The Later Mughals of the (Mighty) Mughal Empire

When Aurangzeb,the de facto last representative of the mighty Mughal Empire, at the age of 90 died in March 1707, a war of succession to the throne began between his sons- Muazzam, who was also known as Shah Alam, the eldest one, Muhammad Azam and Kam Bakhsh.

When Muazzam received the news of his father’s death, he was at that time in Afghanistan; he hurried back to Agra and dispossesses, rather murdered his brothers to capture the throne and the legacy left behind by Aurangzeb. In June 1707, Muhammad Azam was killed and in the year 1709 Kam Bakhsh was killed in Hyderabad. He did not even spare his brother’s son fearing they might become a threat in the future. After crowning himself (in 1707) he took the title of Bahadur Shah and after ruling for five years he died when he was in his late sixties.

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Reign of Jahandar Shah: Mughal Empire deteriorated

The death of Bahadur ShahI in 1712, predictably, was followed by a war of succession among his four sons in which Jahandar Shah emerged successful and ascended the throne on 29 March, 1712.

When Jahandar Shah, who was known to be frivolous, reckless and pleasure loving, became the emperor he raised the status of Lal Kanwar to that of an empress; Lal Kanwar belonged to a family of musicians to whom he was devoted.

At first the family member of Lal Kanwar were appointed to important administrative posts; however, due to the neglect of Jahandar Shah, gradually they took the charge of entire administration in their hands.

It was due to these relatives’ misappropriation of Shahi Treasury and mismanagement of State the conditions in the Empire deteriorated very quickly.

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Farukh Siyar’s reign: Way for Colonial Rule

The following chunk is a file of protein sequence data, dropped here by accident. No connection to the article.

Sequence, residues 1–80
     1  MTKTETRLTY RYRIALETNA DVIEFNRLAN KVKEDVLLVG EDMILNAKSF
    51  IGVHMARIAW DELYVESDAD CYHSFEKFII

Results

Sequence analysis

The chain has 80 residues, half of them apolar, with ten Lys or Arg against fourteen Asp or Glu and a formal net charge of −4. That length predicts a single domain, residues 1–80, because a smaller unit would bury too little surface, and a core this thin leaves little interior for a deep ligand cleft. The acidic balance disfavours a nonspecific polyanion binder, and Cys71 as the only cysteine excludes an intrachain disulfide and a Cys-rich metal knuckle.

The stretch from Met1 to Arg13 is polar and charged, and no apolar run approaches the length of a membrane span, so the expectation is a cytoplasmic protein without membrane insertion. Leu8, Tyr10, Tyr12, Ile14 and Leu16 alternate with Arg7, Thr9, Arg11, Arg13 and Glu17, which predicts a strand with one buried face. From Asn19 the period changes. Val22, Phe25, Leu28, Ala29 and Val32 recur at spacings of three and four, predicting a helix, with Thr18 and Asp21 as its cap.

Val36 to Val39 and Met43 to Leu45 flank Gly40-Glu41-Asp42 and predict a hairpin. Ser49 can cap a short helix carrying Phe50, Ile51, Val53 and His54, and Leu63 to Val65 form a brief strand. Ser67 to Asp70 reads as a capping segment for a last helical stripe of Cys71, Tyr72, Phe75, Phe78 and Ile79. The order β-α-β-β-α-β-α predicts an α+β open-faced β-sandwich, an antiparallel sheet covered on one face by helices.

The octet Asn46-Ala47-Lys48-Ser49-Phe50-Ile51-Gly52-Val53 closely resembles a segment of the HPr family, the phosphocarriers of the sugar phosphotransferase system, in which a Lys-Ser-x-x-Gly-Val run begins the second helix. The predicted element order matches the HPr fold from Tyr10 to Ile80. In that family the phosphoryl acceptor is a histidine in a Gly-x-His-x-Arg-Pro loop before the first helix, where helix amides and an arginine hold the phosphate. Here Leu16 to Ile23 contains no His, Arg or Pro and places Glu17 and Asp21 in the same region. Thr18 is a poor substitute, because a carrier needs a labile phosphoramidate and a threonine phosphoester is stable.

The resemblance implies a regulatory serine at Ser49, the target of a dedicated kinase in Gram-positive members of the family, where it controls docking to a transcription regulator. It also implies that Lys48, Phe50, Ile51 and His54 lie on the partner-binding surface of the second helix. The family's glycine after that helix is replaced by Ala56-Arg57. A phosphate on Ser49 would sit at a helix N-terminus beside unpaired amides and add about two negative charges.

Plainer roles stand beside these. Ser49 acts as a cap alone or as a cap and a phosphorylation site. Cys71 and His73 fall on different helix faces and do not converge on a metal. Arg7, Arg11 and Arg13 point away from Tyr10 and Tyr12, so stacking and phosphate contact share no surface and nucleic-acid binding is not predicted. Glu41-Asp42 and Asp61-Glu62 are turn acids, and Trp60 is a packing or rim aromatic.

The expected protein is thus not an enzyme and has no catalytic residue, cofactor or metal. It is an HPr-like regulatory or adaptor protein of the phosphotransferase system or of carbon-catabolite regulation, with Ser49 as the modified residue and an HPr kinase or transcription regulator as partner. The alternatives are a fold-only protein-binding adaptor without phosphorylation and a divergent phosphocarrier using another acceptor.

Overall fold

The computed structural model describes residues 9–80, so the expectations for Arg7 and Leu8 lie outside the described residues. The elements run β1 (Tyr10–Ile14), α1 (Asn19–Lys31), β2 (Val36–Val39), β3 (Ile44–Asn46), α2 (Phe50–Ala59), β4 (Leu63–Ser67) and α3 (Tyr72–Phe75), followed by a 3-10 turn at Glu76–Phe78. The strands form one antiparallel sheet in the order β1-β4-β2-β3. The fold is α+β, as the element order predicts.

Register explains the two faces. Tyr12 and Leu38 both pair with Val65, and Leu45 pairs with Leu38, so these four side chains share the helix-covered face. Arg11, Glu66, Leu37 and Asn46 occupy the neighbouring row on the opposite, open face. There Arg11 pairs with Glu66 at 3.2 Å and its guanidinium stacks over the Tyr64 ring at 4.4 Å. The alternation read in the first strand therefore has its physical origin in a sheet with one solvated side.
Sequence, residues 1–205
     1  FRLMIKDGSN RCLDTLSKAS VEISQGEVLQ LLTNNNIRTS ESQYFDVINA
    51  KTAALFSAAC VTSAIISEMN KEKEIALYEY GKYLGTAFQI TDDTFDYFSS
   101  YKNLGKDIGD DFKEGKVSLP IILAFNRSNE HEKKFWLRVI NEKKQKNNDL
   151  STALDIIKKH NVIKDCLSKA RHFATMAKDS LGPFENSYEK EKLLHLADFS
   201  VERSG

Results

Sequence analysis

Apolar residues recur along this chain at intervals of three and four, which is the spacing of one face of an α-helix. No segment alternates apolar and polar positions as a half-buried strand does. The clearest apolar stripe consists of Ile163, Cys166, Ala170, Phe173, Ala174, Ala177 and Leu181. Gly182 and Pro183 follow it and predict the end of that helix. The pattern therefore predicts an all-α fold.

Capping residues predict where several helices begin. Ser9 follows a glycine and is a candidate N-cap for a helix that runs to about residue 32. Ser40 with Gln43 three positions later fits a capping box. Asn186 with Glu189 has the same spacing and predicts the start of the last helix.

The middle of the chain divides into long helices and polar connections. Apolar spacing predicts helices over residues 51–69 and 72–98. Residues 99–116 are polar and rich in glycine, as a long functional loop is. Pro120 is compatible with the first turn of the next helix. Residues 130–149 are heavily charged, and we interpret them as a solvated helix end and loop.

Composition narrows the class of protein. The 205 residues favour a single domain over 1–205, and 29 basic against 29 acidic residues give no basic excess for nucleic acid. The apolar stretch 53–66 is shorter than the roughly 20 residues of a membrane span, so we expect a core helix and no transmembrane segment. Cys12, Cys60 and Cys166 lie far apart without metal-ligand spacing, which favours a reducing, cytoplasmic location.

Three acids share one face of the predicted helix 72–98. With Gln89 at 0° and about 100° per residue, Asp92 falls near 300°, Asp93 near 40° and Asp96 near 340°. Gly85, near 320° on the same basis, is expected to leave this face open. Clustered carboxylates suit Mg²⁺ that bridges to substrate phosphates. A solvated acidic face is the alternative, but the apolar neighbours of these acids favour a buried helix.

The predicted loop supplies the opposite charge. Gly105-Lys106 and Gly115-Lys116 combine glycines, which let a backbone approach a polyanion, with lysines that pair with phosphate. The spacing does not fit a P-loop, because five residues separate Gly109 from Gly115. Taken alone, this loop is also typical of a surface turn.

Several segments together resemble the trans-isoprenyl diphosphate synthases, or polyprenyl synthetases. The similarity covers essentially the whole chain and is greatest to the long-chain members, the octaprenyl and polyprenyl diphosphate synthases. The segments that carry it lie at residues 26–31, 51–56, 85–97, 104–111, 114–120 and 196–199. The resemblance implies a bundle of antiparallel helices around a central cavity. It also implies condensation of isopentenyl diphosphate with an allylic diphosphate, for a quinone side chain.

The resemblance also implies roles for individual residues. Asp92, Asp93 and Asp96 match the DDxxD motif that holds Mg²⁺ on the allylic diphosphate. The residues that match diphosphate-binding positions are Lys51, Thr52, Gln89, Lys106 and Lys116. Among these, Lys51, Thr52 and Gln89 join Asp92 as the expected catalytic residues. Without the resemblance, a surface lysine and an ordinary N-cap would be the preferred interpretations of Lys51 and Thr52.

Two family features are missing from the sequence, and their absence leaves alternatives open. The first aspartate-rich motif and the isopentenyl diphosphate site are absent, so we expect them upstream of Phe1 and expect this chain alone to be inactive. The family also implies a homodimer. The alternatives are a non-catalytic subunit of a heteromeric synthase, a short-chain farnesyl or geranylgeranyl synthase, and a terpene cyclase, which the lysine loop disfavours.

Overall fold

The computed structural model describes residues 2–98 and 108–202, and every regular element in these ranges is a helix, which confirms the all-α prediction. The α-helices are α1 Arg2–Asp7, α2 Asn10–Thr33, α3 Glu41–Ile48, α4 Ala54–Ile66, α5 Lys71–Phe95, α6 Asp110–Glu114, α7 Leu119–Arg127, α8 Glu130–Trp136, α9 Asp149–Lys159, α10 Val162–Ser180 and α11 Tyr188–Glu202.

Farrukh Siyar, the nephew of Jahandar Shah, after seizing the power by defeating his uncle and then strangling him, blinded all his rival Mughal princes to secure that the throne would be his.

The reign of Farrukh Siyar, who proved to be a poor ruler because he depended completely on his allies, the Saiyyids, who had helped him in acquiring power, was marked by the granting of some undue trade privilages to the English East India Company, that proved harmful to the economic interest of the Empire. In fact, his actions prepared and paved the way to the establishment of British rule in Bengal.

Farrukh Siyar was dethroned, blinded and imprisoned by his allies, the Sayyids, who had finally turned against him. When he tried to escape they after killing him buried Farrukh Siyar in Humayun’s tomb.

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Reign of Muhammad Shah: Breaking up of Mughal Empire

Muhammad Shah, at the age of 17, was raised to throne, where he remained for almost 30 years, by the Saiyyid brothers. According to most of the contemporary historians Muhammad Shah was an ineffectual and pleasure loving individual who acted like a imperial puppet at the hands of the Saiyyid brothers who continued to rule through him for a few years, for Muhammad Shah did try to get rid of them with the help of those Mughal nobles who were offended by the supremacy of the Saiyyid brothers. Muhammad Shah finally, in 1722, got success in dispossessing the Saiyyids.